The Arabian Gulf lies eastward parallel to the said meridian. Its egress [Note] into the Exterior Ocean is [in the same latitude as] the Cinnamon Country, the place where anciently they used to hunt the elephants. The parallel of the Cinnamon Country on the one side [Note] passes a little south of Tapro- bana, or perhaps over its southern extremity; and on the other side [Note] over the most southern parts of Libya. [Note] 2.5.36

At Meroe and Ptolemais [Note] in the Troglodytic the longest day consists of thirteen equinoctial hours. These cities are at nearly equal distances between the equator and Alexandria, the preponderance on the side of the equator being only 1800 stadia. The parallel of Meroe passes on one side [Note] over unknown countries, and on the other [Note] over the extremities of India. [Note] At Syene, and at Berenice, which is situated on the Arabian Gulf and in the Troglodytic, at the summer solstice the sun is vertical, and the longest day consists of thirteen equinoctial hours and a half, and the whole of the Greater Bear appears within the Arctic Circle, with the exception of his thighs, the tip of his tail, and one of the stars composing his body. The parallel of Syene traverses on one side [Note] the

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portion of Gedrosia occupied by the Ichthyophagi, and India; and on the other side [Note] the countries situated south of Cyrene by rather less than 5000 stadia. 2.5.37

In all the countries situated between the tropic and the equatorial circle, the shadows fall [alternately] on either side, north and south. In those which are north of Syene and beyond the summer tropic the shadows at mid-day fall to the north. The former are called amphiscii, the latter heteroscii. There is also another method of determining what places are under the tropic, which we spoke of in our observations on the zones. The soil is sandy, arid, and produces nothing but silphium, while more to the south the land is well irrigated and fertile. 2.5.38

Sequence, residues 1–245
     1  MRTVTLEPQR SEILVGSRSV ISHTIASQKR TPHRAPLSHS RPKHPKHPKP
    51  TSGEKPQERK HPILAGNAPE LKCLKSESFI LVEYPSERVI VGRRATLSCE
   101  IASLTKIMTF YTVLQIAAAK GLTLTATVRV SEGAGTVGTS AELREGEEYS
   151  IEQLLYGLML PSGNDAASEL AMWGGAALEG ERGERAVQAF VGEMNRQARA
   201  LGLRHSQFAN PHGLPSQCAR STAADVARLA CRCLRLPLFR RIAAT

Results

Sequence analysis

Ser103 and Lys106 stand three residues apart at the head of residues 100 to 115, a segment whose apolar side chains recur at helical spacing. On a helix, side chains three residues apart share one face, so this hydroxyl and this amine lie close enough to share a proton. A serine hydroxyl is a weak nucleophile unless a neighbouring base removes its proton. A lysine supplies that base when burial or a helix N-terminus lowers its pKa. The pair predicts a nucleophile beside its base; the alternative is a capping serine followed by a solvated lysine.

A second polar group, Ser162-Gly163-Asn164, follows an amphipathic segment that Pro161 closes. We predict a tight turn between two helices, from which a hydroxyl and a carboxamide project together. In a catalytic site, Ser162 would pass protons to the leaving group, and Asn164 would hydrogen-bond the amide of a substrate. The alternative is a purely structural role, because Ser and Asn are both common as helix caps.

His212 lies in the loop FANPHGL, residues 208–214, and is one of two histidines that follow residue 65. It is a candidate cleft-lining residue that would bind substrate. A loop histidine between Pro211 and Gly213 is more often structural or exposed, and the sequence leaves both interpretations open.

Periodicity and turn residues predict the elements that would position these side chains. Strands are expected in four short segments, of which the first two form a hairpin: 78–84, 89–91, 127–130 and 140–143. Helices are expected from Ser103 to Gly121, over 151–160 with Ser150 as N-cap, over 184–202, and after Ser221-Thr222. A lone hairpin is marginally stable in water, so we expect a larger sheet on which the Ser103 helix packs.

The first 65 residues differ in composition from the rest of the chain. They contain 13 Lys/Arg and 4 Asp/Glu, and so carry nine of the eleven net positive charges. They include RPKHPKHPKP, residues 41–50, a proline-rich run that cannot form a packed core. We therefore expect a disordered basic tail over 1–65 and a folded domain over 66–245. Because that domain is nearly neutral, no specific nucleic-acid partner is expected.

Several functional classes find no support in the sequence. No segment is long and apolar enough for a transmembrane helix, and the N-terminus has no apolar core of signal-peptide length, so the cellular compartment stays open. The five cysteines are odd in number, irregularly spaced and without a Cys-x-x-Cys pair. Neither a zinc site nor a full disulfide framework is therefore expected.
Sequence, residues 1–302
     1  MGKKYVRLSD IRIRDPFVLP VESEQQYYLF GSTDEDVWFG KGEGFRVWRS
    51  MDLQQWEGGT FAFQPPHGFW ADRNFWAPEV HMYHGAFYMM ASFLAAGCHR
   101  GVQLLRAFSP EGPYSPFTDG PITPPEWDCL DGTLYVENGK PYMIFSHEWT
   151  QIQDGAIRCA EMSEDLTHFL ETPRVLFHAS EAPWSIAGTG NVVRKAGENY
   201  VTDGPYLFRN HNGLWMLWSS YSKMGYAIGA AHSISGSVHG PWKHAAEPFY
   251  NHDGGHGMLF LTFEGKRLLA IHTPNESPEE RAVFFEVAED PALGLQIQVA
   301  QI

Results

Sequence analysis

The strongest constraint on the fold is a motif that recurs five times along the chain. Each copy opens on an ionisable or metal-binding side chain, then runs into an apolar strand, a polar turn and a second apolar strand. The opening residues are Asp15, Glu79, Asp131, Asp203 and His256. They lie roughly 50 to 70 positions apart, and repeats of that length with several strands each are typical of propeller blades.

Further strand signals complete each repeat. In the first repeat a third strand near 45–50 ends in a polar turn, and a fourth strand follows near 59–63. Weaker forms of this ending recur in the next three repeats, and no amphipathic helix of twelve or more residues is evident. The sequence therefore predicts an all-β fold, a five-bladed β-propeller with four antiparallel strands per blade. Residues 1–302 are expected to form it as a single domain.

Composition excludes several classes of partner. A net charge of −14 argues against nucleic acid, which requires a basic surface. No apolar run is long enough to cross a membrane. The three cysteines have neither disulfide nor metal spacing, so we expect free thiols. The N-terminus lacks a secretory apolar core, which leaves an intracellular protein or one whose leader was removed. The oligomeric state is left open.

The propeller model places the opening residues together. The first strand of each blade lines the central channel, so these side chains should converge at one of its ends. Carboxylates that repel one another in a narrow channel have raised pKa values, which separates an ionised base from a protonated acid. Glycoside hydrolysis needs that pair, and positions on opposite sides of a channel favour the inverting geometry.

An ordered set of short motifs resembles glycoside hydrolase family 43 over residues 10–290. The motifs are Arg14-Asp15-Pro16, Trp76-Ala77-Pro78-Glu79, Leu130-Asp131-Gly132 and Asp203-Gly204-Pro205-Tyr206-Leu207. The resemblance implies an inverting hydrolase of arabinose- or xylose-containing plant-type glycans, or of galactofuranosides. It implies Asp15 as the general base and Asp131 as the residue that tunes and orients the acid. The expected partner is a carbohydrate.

In the countries situated about 400 stadia south of the parallel of Alexandria and Cyrene, where the longest day consists of fourteen equinoctial hours, Arcturus passes the zenith, slightly declining towards the south. At Alexandria at the time of the equinox the proportion which the gnomon bears to the shadow is as five to seven. [Note] Thus they are south of Carthage 1300 stadia, that is, admitting that in Carthage at the time of the equinox the proportion which the gnomon bears to the shadow is as eleven to seven. This parallel on the one side [Note] passes by Cyrene and the regions 900 stadia south of Carthage as far as the midst of Maurusia; [Note] and on the other side [Note] through Egypt, [Note] Cœlosyria, Upper Syria, Babylonia, Susiana, [Note] Persia, [Note] Carmania, [Note] Upper Gedrosia, [Note] and India.



Strabo, Geography (English) (XML Header) [genre: prose] [word count] [Str.].